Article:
A normal goat, from an original photo by George Chernilevsky ( normal goat, from an original photo by George Chernilevsky (

A normal goat, from an original photo by George Chernilevsky (

More recently, there’s been a rise in so-called descriptivism, a view that because language has no inherent rights and wrongs, it’s silly or perhaps even snobbish to prescribe particular usages. Though Steven Pinker’s balanced, nuanced view is more typical of real descriptivism, it seems that many writers doubt whether it’s appropriate or useful to prescribe particular language forms because they’re “right” rather than the most commonly used forms, especially for online writing.

So where does “Word Up!” fit into this careless world of the web? There are certainly a few recommendations in the book that seem not quite suited. Regarding “whom”, there are situations where I’ll use it, but not too many — it generally sounds a little uptight these days. And I’m not sure we always need to confine ourselves to placing “only” next to the phrase it modifies. Upfront, it emphasizes the limitation, though a strict approach to sentence parsing seems to render it illogical. In the middle or out the back, it can seem like the small print.

The true relevance of the book lies at a slightly higher level. There was a chapter later in the book that made it click for me. That chapter gave a real-world example of a sign in a hospital hallway. The sign could not help anyone, for a combination of reasons. Not because of the writing, but because there could not possibly be an audience. (I won’t spoil it here; read the book to find out why.) The writer could not have had any clear picture of the audience in mind, and so the sign was useless.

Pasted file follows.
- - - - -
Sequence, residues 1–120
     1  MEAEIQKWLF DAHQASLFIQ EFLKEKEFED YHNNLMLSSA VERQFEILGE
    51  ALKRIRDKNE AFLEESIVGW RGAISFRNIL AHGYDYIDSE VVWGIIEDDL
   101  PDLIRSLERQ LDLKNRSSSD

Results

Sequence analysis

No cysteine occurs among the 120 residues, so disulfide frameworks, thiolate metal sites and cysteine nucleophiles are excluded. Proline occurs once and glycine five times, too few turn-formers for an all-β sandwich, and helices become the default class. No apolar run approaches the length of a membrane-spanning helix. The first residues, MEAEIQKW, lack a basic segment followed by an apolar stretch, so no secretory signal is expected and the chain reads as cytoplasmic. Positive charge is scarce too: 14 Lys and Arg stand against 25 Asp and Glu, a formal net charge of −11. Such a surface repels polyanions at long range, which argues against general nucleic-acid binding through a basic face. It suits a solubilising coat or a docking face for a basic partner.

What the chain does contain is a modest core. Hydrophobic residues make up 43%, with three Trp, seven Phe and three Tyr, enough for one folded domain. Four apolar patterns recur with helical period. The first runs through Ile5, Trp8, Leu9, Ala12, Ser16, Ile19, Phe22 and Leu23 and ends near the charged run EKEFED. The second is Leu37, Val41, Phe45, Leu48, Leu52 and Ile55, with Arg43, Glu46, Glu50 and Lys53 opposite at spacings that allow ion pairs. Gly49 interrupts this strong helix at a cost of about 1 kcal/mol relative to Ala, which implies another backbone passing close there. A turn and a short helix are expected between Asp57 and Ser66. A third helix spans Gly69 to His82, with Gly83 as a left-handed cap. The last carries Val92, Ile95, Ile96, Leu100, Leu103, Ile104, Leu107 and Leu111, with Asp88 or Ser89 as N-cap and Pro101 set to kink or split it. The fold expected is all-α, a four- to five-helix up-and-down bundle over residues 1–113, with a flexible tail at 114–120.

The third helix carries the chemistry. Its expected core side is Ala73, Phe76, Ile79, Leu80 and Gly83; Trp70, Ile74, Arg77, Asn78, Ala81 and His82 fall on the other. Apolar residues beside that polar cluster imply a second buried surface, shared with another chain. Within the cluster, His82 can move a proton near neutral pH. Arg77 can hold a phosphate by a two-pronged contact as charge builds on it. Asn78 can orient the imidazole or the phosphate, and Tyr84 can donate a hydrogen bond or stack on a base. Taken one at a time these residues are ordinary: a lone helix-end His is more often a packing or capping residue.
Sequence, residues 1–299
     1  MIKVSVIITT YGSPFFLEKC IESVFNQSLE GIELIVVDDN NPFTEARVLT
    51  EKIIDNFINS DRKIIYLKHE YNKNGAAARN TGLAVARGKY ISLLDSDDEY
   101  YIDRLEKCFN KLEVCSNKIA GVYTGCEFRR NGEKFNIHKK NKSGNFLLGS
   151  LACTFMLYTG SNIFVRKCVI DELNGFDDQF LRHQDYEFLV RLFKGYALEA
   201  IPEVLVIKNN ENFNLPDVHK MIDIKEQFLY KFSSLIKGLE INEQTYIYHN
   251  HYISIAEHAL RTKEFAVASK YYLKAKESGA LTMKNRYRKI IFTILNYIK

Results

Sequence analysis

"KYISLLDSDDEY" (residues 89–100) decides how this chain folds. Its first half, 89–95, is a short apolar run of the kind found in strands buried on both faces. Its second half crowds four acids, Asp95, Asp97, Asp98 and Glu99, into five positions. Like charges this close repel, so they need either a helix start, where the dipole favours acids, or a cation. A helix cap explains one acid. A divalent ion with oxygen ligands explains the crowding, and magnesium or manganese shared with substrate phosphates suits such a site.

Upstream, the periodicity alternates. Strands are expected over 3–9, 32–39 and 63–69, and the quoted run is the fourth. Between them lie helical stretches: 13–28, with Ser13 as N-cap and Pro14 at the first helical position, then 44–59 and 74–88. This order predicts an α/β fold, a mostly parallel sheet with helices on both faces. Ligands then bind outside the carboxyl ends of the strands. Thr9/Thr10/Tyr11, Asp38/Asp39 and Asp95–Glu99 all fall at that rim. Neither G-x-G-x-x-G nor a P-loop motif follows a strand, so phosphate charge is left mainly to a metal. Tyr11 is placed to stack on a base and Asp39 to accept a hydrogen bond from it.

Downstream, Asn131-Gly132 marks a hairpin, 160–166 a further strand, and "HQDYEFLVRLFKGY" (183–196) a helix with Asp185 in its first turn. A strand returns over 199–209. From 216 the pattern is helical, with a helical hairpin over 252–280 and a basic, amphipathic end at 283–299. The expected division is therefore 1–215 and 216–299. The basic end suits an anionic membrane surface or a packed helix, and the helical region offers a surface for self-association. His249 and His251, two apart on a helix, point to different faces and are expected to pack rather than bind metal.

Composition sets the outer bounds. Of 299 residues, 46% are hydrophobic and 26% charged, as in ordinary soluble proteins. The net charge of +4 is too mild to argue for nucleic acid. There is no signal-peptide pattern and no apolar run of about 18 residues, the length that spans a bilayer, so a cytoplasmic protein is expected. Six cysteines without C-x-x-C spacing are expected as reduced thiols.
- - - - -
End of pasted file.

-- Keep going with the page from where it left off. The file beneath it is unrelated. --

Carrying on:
This was really the answer. The concept of authorship might have become less important on the Internet, but the role of an author in addressing an audience was more important than ever. Whatever someone wrote – whether a thoughtful piece on Medium or a Gawker headline — had to be crafted with an audience in mind to have any chance of working. Crafting meant coming back to the raw materials of writing: words and sentences. And if we only had the reader’s attention for fragments of our text (or had to cut through a partisan filter), it was even more important to make all of our words work really, really hard to convey their meaning clearly, expressively, and without wastage. This is what Word Up! is about. It’s about putting the right words in the right places to express whatever needs to be expressed. There’s passion, there are opinions, there are examples that may or may not reflect the actual field of writing you’re involved in, but it all comes down to clear, purposeful expression.

There’s much more I’ll get out of this book. I’m currently on my second reading, and will continue to dip in afterwards. When you read it, you may well pick up on things that I will never see. It certainly is a reader’s world now. But the author can’t die. A sympathetic, skilled interpreter benefits any subject. “Word Up!” is a required read for anyone who’s interested in language, wants to improve their writing, or just needs a clickworthy headline about a weird Chinese goat.

[I got a free review copy of “Word Up!” in PDF form. Which was nice, although I would have bought it anyway. And my review would still have been the same.]